Just when we thought the whole “fake memoir” craze from last year had completely abated, along comes the New York Times’ Abby Ellin to upset the apple cart once more. The book up for scrutiny is Deborah Rodriguez‘s KABUL BEAUTY SCHOOL, whose tales of hairdressing in the midst of Islamic restrictions and fundamentalism propelled both book and author to bestsellerdom. Problem is, “Crazy Deb,” as Rodriguez refers to herself in the book, has raised the ire of six women who were involved at the founding of the Kabul Beauty School. The women say the book is filled with inaccuracies and inconsistencies. They argue that events did not unfold the way Rodriguez depicts them, and that she exaggerated her role in the formation of the school.
Though Random House notes on the copyright page that some personal, place and organization names have been changed, and some chronological details adjusted, Ellin explains, the women believe that the discrepancies are too vast to call the book a memoir. They even question whether the stories Rodriguez tells about Afghan women – disturbing, heartbreaking tales of abuse – are real. And they object to Rodriguez’s explanation of how she came to be in charge of the school, as she is today. They say that, instead of being its savior, as she represents, she plotted to move the school from the Women’s Ministry to the house she shares with her Afghan/Uzbek husband, Sher (called Sam in the book). And, they said, she did it for personal gain. “She couldn’t have a for-profit business at the ministry,” said Patricia O’Connor (pictured with Shaima Ali and Terri Graguel, left) one of the school’s founders.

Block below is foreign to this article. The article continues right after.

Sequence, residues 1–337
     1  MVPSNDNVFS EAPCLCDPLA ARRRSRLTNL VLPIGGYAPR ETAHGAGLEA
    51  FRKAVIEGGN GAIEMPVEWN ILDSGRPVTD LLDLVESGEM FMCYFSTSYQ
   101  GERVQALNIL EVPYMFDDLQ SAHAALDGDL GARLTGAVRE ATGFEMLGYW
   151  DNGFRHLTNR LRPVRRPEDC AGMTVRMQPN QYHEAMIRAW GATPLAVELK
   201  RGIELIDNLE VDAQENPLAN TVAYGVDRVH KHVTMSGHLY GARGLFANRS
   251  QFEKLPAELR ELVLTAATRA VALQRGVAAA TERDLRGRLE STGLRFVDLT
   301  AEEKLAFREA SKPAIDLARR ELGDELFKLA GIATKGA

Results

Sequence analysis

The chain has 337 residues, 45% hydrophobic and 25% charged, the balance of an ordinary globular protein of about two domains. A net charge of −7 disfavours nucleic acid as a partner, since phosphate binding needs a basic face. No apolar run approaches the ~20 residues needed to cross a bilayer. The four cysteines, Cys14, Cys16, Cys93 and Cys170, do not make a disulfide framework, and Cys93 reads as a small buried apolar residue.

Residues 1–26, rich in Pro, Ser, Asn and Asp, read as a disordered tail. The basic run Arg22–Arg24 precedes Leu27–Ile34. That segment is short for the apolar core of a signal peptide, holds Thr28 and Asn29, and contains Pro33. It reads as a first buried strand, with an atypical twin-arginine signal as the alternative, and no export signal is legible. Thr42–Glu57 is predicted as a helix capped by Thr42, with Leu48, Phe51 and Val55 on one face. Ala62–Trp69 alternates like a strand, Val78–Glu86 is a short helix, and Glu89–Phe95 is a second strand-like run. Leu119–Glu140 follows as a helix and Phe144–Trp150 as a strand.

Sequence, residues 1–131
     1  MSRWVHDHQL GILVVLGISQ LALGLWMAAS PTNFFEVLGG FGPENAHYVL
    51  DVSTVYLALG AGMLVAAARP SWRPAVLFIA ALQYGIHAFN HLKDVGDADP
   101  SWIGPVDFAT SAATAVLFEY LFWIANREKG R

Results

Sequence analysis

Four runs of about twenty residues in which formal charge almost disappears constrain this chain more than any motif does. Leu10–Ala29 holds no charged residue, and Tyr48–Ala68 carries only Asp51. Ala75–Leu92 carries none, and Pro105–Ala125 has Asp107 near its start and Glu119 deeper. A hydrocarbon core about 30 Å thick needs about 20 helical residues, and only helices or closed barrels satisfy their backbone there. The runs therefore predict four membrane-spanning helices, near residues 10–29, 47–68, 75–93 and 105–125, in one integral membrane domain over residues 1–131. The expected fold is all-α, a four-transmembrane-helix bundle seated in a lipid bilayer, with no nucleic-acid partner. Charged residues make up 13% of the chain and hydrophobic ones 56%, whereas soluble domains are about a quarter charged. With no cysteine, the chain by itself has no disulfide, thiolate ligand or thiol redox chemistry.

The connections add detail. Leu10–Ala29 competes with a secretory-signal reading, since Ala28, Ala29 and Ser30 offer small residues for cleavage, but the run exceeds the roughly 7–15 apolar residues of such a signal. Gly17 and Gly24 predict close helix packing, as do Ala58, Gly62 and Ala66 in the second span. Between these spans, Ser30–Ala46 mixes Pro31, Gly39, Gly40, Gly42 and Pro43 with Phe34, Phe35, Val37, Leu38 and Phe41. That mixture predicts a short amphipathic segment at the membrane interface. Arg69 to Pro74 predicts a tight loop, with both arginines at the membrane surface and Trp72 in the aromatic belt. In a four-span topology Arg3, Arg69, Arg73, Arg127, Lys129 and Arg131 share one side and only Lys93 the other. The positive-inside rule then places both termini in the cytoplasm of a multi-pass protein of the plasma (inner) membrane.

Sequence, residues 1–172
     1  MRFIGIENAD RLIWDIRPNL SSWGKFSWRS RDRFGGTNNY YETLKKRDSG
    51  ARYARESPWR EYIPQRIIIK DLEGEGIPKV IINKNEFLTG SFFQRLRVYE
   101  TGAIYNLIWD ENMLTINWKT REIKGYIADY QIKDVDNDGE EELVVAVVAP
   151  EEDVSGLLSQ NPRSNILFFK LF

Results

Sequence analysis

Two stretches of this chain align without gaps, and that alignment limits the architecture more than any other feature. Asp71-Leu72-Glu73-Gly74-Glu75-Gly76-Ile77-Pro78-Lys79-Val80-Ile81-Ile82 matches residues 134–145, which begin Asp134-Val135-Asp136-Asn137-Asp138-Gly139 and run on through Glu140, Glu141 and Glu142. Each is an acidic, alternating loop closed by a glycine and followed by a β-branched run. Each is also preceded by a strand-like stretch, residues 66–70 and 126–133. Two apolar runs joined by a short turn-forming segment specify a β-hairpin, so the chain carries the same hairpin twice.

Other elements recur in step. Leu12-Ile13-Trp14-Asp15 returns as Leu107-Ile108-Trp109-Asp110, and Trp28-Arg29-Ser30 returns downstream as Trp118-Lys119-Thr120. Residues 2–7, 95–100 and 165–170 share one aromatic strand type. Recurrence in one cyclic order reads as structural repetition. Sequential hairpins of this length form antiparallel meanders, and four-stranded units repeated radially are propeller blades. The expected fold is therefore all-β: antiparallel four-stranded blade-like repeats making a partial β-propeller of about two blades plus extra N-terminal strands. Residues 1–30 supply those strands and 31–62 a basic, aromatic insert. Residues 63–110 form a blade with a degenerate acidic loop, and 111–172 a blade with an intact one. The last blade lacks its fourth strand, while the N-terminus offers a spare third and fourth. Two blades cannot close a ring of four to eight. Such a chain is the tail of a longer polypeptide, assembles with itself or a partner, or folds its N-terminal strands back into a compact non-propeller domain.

So far, this isn’t quite in James Frey territory and everyone involved admits this isn’t a case of outright lying. But once again, we’re faced with the question of how much truth there must be in a memoir with no easy answers – especially as KABUL BEAUTY SCHOOL follows a pattern set in many true-to-life books and psychological accounts that tell stories with names changed and stories melded. Indeed, Richard Pine, a literary agent and partner at InkWell Management, said Rodriguez wasn’t bound by journalistic standards. “Journalists know about fact-checking,” he said. “Beauticians know about hair dye and shampoo.”